Chrome Yellow Trading Co.: Catch Phrase: Minimalist, unbothered, and highly enigmatic. Study Score: $$$$ Coffee Rating:
My favorite place. Opened up in August of last year in the ever-changing landscape that is old fourth ward (O4W). They are furnished by Stumptown Coffee (premium beans); and feature among other things nitro cold brew on tap. Nothing sets the tone for diving into some science articles like a frosted glass of malty cold-tempered quality beans. Very little music; outlets at every table; tons of space. And a clothing store located in the back, allows you t look as fresh and sophisticated as you feel.
By Thomas Hennessey
Congratulations! Probably! I mean you’ve decided to attend grad school so pat yourself on the back, you’re doing fine, don’t sweat it so much. If all goes accordingly you’ll be starting graduate school in a future fall and you’re probably wondering: what will it be like? How will my life change here? Good news! You can learn the answer to these questions by simply continuing to move your eyes down this page.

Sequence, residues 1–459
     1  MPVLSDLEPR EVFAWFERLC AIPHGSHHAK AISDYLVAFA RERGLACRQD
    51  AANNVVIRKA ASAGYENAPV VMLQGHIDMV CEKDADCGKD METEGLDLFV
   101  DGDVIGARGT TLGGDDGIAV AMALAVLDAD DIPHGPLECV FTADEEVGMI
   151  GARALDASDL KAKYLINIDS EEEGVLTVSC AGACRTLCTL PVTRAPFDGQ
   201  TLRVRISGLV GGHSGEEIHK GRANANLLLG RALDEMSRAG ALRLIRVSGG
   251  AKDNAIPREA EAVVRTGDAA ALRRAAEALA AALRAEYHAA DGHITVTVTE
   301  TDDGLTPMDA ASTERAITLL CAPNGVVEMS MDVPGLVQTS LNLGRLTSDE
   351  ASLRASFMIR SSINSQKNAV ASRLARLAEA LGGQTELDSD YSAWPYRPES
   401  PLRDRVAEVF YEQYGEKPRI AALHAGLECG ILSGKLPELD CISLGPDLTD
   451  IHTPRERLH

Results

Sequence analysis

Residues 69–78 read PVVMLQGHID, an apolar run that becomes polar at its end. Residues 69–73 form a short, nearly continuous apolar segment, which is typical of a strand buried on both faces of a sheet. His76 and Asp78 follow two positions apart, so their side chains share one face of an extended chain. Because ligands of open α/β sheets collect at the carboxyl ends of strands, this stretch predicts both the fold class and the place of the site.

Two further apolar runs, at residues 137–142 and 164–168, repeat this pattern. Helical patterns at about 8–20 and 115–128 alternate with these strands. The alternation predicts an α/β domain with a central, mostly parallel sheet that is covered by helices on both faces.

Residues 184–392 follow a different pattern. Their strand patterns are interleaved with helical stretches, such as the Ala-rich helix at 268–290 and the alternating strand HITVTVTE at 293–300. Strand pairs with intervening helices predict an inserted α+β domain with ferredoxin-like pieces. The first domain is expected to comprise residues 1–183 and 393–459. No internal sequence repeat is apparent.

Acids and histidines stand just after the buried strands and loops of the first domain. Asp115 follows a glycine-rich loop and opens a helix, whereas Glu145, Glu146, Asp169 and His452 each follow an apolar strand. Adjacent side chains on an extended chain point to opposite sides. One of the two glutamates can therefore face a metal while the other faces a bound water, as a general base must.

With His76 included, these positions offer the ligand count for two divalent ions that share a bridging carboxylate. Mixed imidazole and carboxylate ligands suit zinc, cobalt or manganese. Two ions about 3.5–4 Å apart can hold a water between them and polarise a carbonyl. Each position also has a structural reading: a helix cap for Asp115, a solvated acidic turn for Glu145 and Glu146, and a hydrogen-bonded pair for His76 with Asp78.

And it is a pretty long haul, but in the end I think it’s worth it. You’ll have added to the sum total of human knowledge, pushing our species just a little closer to that magical day we invent super intelligent machines to solve all our problems almost certainly without killing everyone. Probably. It won’t be easy, but what we obtain too cheap, we esteem too lightly. Good luck, and welcome to the club!
Emory Neuroscience Class of 2010